As we work through our scenes, we might discover that some events work better in other parts of the novel, and we might shift a few things around. If you discover a scene or elements of a scene that fit better elsewhere, reorganize the manuscript so it unfolds in the strongest way possible. This can also apply to chapters.

After this revision session, we should have a workable plot, solid scenes advancing that plot, and a sense of the story unfolding. It might still be rough in spots, but the next several sessions will focus on smoothing those rough edges and tightening the story overall.

Tomorrow: Tighten the Goals and Motivations

New to the At-Home Workshop? Find the current list of revision steps and earlier prep work on the introductory page.

Looking for tips on revising your novel? Check out my book Revising Your Novel: First Draft to Finished Draft, a series of self-guided workshops that help you revise your manuscript into a finished novel. Still working on your idea? Then try my just-released Planning Your Novel Workbook

A long-time fantasy reader, Janice Hardy always wondered about the darker side of healing. For her fantasy trilogy The Healing Wars, she tapped into her own dark side to create a world where healing was dangerous, and those with the best intentions often made the worst choices. Her novels include The Shifter, Blue Fire, and Darkfall from Balzer+Bray/Harper Collins. The Shifter, was chosen for the 2014 list of "Ten Books All Young Georgians Should Read" from the Georgia Center for the Book. It was also shortlisted for the Waterstones Children's Book Prize, and The Truman Award in 2011.

Janice is also the founder of Fiction University, a site dedicated to helping writers improve their craft. Her popular Foundations of Fiction series includes Planning Your Novel: Ideas and Structure, a self-guided workshop for planning or revising a novel, the companion Planning Your Novel Workbook, Revising Your Novel: First Draft to Finished Draft, and the upcoming Understanding Show Don't Tell (And Really Getting It).  

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  1. Really loving your revision at home tips. So useful. :)

  2. Am enjoying your revision workshop. Now to take it to the story I am revising and make magical changes! Thanks.

  3. There is so much information here, Janice, and so many checklists. Fabulous! Now to find more time to apply it!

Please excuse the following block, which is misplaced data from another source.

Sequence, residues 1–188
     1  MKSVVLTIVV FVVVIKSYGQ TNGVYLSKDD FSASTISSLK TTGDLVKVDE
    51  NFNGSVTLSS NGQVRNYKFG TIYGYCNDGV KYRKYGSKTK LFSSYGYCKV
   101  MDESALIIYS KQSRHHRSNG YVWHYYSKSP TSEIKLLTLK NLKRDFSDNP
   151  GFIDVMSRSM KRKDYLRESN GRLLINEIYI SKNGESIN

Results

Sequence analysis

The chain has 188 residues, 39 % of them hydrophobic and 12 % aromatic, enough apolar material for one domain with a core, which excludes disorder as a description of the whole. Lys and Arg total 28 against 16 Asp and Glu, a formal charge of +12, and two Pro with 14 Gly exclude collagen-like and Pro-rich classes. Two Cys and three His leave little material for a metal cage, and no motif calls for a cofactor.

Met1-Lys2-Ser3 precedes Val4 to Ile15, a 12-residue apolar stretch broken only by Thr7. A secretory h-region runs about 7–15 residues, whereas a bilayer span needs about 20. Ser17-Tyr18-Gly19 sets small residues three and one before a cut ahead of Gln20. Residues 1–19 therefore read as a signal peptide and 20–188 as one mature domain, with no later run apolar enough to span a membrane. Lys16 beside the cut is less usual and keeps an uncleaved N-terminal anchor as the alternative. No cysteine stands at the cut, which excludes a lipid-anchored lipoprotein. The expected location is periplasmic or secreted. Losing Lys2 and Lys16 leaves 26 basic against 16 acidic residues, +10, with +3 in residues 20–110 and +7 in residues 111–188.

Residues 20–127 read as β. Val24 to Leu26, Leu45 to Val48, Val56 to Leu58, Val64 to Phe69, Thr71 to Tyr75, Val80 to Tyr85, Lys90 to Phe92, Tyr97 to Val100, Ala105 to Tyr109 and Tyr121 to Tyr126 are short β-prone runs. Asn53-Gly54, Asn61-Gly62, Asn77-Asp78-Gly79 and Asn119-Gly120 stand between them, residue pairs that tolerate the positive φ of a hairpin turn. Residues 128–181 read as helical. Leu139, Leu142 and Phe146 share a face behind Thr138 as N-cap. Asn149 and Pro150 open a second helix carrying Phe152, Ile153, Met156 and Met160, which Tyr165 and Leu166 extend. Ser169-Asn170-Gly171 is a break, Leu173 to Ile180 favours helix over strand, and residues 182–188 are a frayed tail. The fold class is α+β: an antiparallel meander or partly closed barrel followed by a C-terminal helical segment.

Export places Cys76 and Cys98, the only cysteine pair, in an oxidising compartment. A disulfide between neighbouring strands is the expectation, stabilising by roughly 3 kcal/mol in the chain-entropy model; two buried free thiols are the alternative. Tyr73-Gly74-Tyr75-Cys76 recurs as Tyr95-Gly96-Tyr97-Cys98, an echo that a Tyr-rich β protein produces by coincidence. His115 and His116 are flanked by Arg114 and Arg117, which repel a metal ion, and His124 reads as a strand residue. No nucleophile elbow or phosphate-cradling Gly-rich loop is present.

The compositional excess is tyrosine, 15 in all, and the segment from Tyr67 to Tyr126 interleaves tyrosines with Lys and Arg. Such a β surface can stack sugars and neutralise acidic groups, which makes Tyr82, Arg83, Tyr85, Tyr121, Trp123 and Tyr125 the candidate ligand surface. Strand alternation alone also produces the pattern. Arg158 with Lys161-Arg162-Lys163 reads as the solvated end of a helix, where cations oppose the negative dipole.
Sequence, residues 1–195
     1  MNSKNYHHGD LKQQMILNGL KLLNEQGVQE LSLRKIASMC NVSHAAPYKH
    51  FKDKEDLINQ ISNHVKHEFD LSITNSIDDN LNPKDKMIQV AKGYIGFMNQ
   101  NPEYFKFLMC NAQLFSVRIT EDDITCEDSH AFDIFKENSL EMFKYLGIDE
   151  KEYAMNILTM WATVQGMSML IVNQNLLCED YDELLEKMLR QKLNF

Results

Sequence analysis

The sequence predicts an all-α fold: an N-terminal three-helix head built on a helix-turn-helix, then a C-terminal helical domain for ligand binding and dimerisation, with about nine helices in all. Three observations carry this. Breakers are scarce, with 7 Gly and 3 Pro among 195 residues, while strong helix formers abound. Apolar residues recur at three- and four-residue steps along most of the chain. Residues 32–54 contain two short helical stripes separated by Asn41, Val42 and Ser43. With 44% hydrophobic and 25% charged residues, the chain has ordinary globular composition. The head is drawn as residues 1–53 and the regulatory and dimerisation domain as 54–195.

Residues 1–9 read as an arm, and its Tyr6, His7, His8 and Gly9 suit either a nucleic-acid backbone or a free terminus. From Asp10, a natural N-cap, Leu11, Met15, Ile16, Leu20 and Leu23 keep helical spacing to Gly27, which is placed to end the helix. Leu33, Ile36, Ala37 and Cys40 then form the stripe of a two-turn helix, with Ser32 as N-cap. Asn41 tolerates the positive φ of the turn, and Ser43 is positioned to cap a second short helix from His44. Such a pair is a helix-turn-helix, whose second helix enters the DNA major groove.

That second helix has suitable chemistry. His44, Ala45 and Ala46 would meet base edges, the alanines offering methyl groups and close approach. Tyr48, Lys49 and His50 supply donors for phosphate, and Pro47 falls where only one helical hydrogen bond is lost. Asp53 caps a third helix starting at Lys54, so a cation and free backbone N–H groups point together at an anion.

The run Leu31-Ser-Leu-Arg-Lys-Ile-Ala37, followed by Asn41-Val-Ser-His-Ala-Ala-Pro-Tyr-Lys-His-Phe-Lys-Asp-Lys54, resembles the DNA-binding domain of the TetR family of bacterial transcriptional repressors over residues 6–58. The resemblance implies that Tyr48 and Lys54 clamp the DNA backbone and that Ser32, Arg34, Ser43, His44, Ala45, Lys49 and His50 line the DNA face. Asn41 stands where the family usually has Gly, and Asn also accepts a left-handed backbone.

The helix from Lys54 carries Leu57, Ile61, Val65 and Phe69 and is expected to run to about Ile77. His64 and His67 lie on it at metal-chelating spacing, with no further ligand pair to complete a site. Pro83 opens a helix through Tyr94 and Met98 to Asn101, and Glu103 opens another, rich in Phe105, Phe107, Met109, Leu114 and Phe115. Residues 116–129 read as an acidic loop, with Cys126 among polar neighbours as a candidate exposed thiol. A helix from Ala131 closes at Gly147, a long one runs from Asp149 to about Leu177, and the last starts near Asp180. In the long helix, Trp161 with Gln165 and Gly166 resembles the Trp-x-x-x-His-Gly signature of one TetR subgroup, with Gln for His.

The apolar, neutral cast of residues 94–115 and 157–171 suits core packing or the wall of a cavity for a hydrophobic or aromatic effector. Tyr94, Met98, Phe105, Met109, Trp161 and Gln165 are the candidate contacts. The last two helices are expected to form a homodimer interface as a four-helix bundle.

1. Thanks! I hear you, I need a few more hours a day myself :)

  4. Was up late on this step last night. Overall, things checked out, but I was a little dismayed that there were still two scenes destined for the 'Deleted scenes' link on the website for after the book is published! I keep reminding myself, readers love to discover the deleted scenes after they've read the book, so writing them wasn't a waste...

    1. Aw :( Readers do love deleted scenes, and who knows? Maybe by the end you'll find a way to get those scenes back. Or feel good that you were strong enough to leave them out!

  5. Thank you so much for this step especially. It's helping me figure out exactly why I've been having trouble revising my novel and how to fix the problems.

    1. Oh good! Glad it helped. I'm a big fan of getting the structure right before I do any major rewrites.

  6. When I list the turning points in my external plot they mostly are the same as the turning points of my H/h, there are only two outside influenced turning points in the plot. Does that mean my plot is too character driven, or is that how a character driven plot works out? tx.

    1. Not necessarily. You want turning points that are external as in "the character does something externally to move the plot." They're influenced by an outside force in some way, even if it's a small event or trigger that made the character realize or decide something vital to move the plot. The turning point might be "Jane realizes she has to quit her safe job and take a risky job at the children's center," which can fall on both the plot arc and the character arc. But something will have triggered that realization. Jane wasn't just going through her day as normal and made this life-changing realization.

      If the turning points have no forward-drive aspect (the point does nothing to make the character act), then that's an indication that the point is internal and there is no driving plot force. For example, "Jane completely breaks down" doesn't do anything to move the plot. It's what she does after that that will send the story forward. But "Jane completely breaks down from the stress, which makes her realize she has to quit her job before it kills her" is a plot-driving moment.

      Does that help?

    2. That's a great explanation. Very helpful. Thanks.

    3. You're welcome! Just let me know if you have any more questions :)

  7. Great posts, Janice. Simple ? What makes a top novel? Easy, huh?